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Mallika Sherawat: India is a hypocritical society

  | May 26, 2013 14:10 IST (New Delhi)
Cannes

Hisss actress Mallika feels that India is a regressive society.

Bollywood actress Mallika Sherawat says she consciously divides time between LA and India because she feels her home country is a "regressive" society and finds it depressing to see the condition of women here.

Bollywood actress Mallika Sherawat says she consciously divides time between LA and India because she feels her home country is a "regressive" society and finds it depressing to see the condition of women here.
"I made a conscious decision to divide my time between Los Angeles, America and India. So, now when I experience that social freedom in America and when I go back to India which is so regressive for women... Its really depressing too see that as an independent women," Sherawat said in an interview to Variety.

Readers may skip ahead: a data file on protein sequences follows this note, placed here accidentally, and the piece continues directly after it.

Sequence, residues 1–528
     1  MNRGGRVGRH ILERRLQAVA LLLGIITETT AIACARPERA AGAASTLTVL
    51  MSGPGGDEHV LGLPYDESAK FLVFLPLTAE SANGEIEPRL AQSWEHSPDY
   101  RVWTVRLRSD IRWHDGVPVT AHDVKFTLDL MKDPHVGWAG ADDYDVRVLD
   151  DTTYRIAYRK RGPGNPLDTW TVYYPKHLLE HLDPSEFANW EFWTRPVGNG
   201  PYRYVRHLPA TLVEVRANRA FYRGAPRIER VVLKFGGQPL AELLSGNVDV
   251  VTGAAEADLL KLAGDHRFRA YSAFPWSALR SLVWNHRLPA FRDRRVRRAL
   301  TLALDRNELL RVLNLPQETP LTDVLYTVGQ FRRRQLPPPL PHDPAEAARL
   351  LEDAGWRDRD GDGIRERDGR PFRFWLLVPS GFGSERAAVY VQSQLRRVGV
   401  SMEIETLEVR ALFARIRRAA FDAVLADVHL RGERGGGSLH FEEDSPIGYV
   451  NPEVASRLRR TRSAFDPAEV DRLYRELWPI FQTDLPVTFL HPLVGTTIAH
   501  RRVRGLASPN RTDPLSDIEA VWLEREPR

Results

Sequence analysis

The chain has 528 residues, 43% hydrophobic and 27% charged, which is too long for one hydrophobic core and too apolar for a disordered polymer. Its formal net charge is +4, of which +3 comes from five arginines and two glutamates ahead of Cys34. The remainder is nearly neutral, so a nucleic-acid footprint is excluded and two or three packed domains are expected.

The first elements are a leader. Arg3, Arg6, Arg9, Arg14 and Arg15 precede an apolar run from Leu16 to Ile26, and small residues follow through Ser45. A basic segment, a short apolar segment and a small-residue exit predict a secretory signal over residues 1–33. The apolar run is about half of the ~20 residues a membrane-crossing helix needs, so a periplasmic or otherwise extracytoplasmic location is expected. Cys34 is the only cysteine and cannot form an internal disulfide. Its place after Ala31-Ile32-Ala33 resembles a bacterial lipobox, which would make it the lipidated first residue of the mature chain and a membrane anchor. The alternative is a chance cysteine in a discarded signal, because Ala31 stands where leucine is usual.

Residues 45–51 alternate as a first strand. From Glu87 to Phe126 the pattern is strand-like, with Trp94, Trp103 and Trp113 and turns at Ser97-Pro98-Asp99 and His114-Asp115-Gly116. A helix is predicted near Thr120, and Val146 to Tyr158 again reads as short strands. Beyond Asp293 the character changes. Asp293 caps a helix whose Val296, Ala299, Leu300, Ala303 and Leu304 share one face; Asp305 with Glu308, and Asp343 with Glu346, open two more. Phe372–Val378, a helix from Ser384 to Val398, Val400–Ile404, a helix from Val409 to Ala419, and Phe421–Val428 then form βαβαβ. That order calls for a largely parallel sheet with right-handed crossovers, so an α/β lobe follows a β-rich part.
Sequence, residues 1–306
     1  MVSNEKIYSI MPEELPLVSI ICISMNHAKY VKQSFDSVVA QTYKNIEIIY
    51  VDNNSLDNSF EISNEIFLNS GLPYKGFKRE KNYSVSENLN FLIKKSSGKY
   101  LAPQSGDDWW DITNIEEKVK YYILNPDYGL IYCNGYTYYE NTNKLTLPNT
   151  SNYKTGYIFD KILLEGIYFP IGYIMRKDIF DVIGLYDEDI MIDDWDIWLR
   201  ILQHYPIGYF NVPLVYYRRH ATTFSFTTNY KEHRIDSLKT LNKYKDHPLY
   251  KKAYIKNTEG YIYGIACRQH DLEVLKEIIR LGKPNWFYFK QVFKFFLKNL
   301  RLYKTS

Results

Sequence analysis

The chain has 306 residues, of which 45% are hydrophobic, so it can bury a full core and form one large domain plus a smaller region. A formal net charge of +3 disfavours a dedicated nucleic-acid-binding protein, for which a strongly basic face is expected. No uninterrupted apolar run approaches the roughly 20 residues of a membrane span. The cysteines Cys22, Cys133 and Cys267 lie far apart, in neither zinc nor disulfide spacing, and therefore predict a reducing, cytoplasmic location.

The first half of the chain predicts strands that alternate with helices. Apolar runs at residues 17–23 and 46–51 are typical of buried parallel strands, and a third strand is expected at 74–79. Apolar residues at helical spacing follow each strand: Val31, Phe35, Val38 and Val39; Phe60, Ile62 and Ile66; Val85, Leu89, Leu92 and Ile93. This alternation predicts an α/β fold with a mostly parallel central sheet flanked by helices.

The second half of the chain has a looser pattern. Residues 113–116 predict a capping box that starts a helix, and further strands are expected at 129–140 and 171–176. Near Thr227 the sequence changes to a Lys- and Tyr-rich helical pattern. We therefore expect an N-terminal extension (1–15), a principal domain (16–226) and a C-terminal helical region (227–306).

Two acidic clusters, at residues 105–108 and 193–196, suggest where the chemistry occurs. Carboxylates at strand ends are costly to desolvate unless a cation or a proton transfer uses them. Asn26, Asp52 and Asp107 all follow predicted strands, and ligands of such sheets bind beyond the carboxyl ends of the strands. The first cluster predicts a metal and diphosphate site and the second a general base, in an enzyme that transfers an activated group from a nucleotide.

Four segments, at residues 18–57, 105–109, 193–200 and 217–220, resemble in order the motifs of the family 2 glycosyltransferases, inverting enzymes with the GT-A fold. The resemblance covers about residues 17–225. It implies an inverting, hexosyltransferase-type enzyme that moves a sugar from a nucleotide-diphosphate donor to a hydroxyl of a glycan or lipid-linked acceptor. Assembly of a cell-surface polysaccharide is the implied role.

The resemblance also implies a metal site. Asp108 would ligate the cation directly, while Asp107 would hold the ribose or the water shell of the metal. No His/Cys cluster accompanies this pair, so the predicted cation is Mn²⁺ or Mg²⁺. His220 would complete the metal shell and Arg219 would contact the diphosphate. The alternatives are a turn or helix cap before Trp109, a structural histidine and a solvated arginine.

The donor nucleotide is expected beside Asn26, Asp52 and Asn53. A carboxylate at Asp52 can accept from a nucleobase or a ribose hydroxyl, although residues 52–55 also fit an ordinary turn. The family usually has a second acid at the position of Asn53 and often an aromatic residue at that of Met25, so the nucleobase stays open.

The 36-year-old started her career with 2003 release Khwahish and later went on to do Hindi films like Murder, Pyaar Ke Side Effects, Ugly Aur Pagli and Double Dhamaal among others.
She bagged her first Hollywood film in 2009 named Hisss, directed by Jennifer Lynch. She later starred opposite Jackie Chan in 2010 project The Myth.
Sherawat will next be seen in Bollywood film Dirty Politics, reportedly based on the life of nurse Bhanwri Devi, who had gone missing from Jodhpur and was killed in 2011.
"It is the story of a nurse who gets involved with a politician and is murdered in the end. My character is about a women who is raped by a politician and talks about her struggle to expose him. It was not her who scandalised the society because India is such a hypocritical society where women are at the bottom as compared to men," she said while attending the 66th Cannes Film Festival.
Sherawat said the role was challenging since she had to feel the dilemmas and emotions of the character.
She also talked about restrictions she faced in the Hindi film industry, "I was the first actor in India to kiss on-screen and wear a bikini. Imagine in this 21st century... Instantly I became a fallen women and a superstar at the same time because there is a moral code about what a leading lady can do on-screen and what she cannot do."

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